In this respect the Supreme Court held that the second stage of the test was not met. The offence took place while the individual was not carrying out any activities for and on behalf of the appellant. Furthermore, the individual abused the friendship between him and the respondent and that was the primary reason the offence took place. In addition, the offence itself was not an obvious progression from what had previously taken place between the individual and the respondent. As a result, the appeal was upheld.

Unfavourable treatment not for disability reason

In McQueen v General Optical Council, the EAT has upheld an employment tribunal decision that the treatment of the claimant was not for something arising in consequence of disability and that no section 15 claim arose. Although the tribunal had apparently drafted its judgment in strange wording, nonetheless the EAT held that the decision was not wrong in principle and was allowed to stand.

The claimant suffered from partial deafness, some Asperger’s symptoms, dyslexia and neuro diversity, together with various associated behavioural issues. He crossed swords with colleagues on a number of occasions as a result of the way in which he conducted himself and his confrontational behaviour, and brought what turned out to be a very protracted grievance. He was disciplined for performance -related issues including a failure to follow management instructions by refusing to desist from standing up at his desk to speak which was found to be disruptive. An occupational health referral resulted in changes to his ways of working, but these had limited effects. In the end he brought employment tribunal proceedings claiming that he had been subjected to unfavourable treatment because of something arising in consequence of his disability under section 15 of the Equality Act.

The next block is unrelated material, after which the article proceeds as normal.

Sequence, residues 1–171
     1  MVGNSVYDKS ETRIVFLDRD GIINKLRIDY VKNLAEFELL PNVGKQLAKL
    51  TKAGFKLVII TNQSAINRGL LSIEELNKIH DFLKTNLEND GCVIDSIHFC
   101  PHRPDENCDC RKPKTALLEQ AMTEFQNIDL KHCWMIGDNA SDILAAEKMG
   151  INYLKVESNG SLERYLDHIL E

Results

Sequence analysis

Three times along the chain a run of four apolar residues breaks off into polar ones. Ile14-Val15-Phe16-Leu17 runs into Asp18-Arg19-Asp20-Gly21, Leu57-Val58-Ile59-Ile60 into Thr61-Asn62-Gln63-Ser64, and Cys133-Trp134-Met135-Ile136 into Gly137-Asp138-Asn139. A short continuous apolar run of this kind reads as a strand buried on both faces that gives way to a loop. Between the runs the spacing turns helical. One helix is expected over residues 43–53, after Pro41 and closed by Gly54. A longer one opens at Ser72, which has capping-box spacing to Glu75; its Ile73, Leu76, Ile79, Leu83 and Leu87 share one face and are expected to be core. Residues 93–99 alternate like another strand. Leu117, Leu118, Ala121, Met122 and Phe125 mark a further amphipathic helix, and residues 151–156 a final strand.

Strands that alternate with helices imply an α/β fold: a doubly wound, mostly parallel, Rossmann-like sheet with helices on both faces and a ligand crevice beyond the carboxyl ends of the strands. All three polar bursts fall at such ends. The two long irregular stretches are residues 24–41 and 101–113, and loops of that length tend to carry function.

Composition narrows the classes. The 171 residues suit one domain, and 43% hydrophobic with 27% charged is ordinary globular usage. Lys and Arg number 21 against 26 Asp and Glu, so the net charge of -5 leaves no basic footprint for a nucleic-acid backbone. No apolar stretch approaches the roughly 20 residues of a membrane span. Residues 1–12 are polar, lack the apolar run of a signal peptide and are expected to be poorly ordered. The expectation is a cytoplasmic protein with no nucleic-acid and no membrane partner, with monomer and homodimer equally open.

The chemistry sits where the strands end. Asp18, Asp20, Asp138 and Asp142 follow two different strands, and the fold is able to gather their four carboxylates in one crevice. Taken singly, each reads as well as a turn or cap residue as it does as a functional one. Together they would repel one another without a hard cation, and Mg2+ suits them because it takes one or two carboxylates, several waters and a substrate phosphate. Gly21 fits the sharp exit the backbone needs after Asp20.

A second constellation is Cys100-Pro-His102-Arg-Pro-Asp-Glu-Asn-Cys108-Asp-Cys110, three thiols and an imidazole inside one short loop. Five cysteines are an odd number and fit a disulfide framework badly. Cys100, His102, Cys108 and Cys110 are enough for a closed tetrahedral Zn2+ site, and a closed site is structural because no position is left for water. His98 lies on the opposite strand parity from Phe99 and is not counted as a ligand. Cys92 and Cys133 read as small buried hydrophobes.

The tribunal found the reason for his disciplinaries was for behaviour which was not as a result of his conditions. The specific areas where he had been disciplined were in a refusal to sit down when speaking and creating a disruptive environment for other colleagues, and his apparent requirement not to be approached in a seemingly confrontational manner. The tribunal found that these behavioural traits were habit, rather than arising from his condition. Consequently, his claim failed and the EAT upheld the tribunal decision.

This is an interesting case which has filtered out behavioural consequences as a result of a condition which amounts to disability, from those which do not, and it was these reasons which were why the claimant was disciplined. Consequently, his claim failed. However, it is endorsement of the fact that those with disabilities can be justifiably performance managed and even dismissed if the reason is not connected to their disability and this can be demonstrated.